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“Certainly if you go like two, three years out, it’s all about total … how many gigawatt hours of battry are produced. That will be the limiting factor. And then going even further down, it’s the supply chain. What is the rate at which battry materials are being mined and refined?”
I had the good fortune to do an email interview with Jordan Giesige. Jordan has been the host of the YouTube channel “The Limiting Factor” for a number of years. Over the years he has become quite knowledgeable about electric vehicles and batteries. He is quoted often and has become the go-to source when it comes to explaining and understanding the complicated world of EV batteries. He is able to simplify the science and make it understandable, even for a layperson like me. And besides, he’s fun to listen to.
InsideEVs: Jordan, please tell us a little about yourself. What is your background (education, etc.)? How did you get started in making YouTube videos?
Jordan: My degree is actually in Management and Organizational Psychology. But, that’s really an accident of history. I was always more interested in science. As far as career, I ran bars and restaurants for several years and then worked in New Zealand’s tax department for about 3 years.
InsideEVs: You recently moved “back” to the United States. What initially motivated you to move to New Zealand and what made it possible for you to move back.
Jordan: I went to a local university, lived with parents, and worked all the way through college to graduate with no debt. I traveled to New Zealand after college to expand my thinking and for an adventure. I stayed because there wasn’t a good reason to leave – great country.
InsideEVs: I want to dive into a topic that you touched on in your interviews with David Lee and Gali Russell, and that you featured in a recent video (1). The topic is the challenge the industry is facing with battery raw materials supplies. It’s a topic that I think deserves more attention.
InsideEVs: We EV enthusiasts excitedly watch the adoption of EVs grow every month and every year. The hockey stick continues to play out. It seems like there is no end in sight.
However, you have pointed out that experts foresee serious battery material supply shortages looming ahead. Do you believe that these shortages could be a limiting factor to EV production in the near term? (Please give us the goods. Please expound about specific materials and specific challenges.)
Jordan: In the near term, no. But that varies hugely based on material. Based on what I’m seeing, in the next year or two, some manufacturers may run into issues, but overall, things will continue at pace.
It’s in the medium and long term where my concern is at. Some raw materials are abundant, others are less abundant. In 3-5 years, even the abundant materials are bottlenecked. The biggest elephant in the room is Nickel at the moment. There were some big hurrahs the last few weeks with VW signing an agreement in Indonesia and rumors of Tesla signing with Vale.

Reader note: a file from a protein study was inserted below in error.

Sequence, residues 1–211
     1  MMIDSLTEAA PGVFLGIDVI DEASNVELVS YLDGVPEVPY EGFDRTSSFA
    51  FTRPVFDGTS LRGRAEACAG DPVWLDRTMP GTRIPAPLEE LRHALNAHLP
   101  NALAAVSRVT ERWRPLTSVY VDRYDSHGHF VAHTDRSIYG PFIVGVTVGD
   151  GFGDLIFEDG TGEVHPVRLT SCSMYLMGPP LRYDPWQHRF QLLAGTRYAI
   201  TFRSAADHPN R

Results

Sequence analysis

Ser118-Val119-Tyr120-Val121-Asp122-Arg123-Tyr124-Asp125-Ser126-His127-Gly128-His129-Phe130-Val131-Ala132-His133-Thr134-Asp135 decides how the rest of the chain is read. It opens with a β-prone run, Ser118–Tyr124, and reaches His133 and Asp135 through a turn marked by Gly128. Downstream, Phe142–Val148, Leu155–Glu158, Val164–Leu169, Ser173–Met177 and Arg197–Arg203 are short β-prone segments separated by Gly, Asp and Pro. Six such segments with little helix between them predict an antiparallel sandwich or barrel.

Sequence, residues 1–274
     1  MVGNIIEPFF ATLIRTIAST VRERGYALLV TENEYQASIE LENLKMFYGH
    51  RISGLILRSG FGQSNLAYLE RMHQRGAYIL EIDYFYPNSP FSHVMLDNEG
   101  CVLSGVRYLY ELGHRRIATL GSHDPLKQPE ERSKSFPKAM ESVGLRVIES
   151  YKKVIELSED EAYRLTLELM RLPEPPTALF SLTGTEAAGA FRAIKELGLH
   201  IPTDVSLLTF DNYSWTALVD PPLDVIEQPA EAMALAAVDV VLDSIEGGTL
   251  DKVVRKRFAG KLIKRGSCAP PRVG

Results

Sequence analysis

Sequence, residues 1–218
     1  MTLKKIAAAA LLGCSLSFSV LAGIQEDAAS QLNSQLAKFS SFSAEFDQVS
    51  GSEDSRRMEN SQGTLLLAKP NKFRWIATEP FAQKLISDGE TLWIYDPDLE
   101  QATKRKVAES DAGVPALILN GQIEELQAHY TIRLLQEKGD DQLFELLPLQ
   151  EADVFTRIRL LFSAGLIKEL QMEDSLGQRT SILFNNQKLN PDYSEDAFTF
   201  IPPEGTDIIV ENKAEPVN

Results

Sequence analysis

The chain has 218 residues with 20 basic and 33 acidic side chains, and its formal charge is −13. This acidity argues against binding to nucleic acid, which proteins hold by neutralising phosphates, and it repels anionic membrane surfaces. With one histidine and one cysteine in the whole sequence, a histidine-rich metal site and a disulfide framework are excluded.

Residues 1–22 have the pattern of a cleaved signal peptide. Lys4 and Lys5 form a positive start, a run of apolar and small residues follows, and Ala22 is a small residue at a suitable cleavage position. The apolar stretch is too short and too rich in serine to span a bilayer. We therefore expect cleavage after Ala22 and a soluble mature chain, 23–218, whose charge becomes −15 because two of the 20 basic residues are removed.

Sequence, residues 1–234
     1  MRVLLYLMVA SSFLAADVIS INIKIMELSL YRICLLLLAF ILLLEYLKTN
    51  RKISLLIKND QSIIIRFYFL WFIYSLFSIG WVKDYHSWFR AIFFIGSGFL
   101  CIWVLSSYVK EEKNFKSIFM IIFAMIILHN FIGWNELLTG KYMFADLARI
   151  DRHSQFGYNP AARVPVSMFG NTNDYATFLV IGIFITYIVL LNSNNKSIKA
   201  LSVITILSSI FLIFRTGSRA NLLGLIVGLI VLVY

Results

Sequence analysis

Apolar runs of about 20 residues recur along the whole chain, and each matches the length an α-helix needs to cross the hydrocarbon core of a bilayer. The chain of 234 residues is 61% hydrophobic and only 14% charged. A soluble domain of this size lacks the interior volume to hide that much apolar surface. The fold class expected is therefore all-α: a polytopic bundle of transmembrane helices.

The Nickel from Vale isn’t a new Nickel supply. It’s Nickel that was being used elsewhere in the industry and it’s being redirected to Tesla. That is, it’s kind of robbing Peter to pay Paul.
As for Indonesian Nickel: My understanding is that it’s not environmentally friendly. I think this is why Tesla left it on the table. It could become a PR thorn in VW’s side. Indonesia and the Asia-Pacific have massive amounts of Nickel, but the processes to extract it and refine it tend to be CO2 intensive and toxic.
Where are the hundreds of thousands of tonnes of NEW, responsibly sourced Nickel showing up? We aren’t. We see dribs and drabs here and there, and the potential for some larger resources, but nothing that comes close to meeting demand.
The same is true for most of the other materials. Although there is plenty of Iron and Lithium in the earth for LFP batteries, that’s not the whole story. Most of the story is in the quality of the raw material, the energy required to extract it, the impurity levels, the investment required to bring it to life, the time required to bring the mine to life, and then of course the biggest hurdle: Permitting and politics.
With all that said, it’s not like we’re going to hit a hard cap on raw materials. The materials base will continue to expand, but unless we see changes in regulation and a coordinated national policy push to make it happen, growth of supply will not meet demand.
Tesla is in a better position than most and they can, with their resources, invest and absorb larger parts of the existing material supply chain to feed their growth (like they did with Vale). But, that has limits. I think Tesla needs to get into mining, and there are a number ways they could do that.
InsideEVs: Which battery types or chemistries could be most seriously affected by the material supply shortages? Are there potential chemistries that could be less impacted?
Jordan: All battery chemistries over time because they all use specialized carbon materials at the anode and copper in the electrode foil.